9) Finally, I will NEVER be embarrassed by that tweet. It is SARCASM. Us arguing about instances of people dismissing our opinions is not refuted by us arguing those opinions on large public forums (as Anne seems to think). Racism IS still a problem in the U.S. despite Obama being the president, and gender parity on the judiciary IS still a problem in Canada, despite the Chief Justice being a women. THAT is my point.

    • Alex April 15, 2014 at 2:33 pm #

      How dare you come here to try to mansplain yourself. 😛

    • Sherwin Arnott April 22, 2014 at 8:48 pm #

      I read the G and M article. It seemed off to me.

      Their very first anecdote relies on this research ( which, if you actually read the summary, is *way* more tentative and cautious than Tom and Joshua describe it to be in their article. Which is interesting.

      Also, Tom and Joshua’s medical story is told in a way that suggests that the other students *challenged* it on the basis of identity. I actually think this is warranted in a field that has suffered, and continues to suffer, from systemic bias on the basis of gender. Challenging research is a really important part of science.

      But then Joshua and Tom suggest that the research was not just challenged, but *dismissed* on the basis of identity. If that’s true it’s a problem. But is it true? Reading the very tentative summary of the research, I see other possible reasons to be cautious about this research, especially since we don’t really know the fuller context of the medical school conversation. In fact, we know very little about the entire medical school story which lacks detail and seems skewed towards supporting Tom and Joshua’s narrative.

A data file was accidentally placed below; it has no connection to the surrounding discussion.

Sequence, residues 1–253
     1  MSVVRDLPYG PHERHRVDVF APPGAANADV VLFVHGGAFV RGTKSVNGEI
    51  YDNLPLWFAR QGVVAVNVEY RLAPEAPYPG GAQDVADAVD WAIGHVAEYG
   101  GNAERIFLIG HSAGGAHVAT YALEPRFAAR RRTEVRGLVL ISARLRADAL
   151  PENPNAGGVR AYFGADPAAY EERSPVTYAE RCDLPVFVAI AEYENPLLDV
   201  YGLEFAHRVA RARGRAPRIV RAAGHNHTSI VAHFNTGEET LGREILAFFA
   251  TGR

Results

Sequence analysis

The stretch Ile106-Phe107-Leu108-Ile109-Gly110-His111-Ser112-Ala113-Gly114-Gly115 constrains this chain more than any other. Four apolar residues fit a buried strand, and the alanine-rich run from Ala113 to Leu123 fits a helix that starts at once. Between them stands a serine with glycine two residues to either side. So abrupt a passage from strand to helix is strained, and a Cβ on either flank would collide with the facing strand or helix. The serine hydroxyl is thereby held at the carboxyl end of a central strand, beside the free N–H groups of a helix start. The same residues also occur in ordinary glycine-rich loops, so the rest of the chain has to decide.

Is it true that the research was being dismissed solely because of their origin, as Joshua and Tom claim? It seems highly unlikely. I would like to hear the perspective of the other medical students that were there.

      Overall, I would have preferred if Tom and Joshua’s article sounded less like a Margaret Wente rehash.

      • troublemakingpunk April 22, 2014 at 11:16 pm #

        I agree. It’s so important that we are rigorous in doing our own inventory if we are going to operate as allies while attempting to give a critique of oppressed groups member’s behavior.

  3. Sarah April 15, 2014 at 9:15 am #

    GEEZ need some ointment for THAT burn!!!

  4. justme3362 April 15, 2014 at 1:55 pm #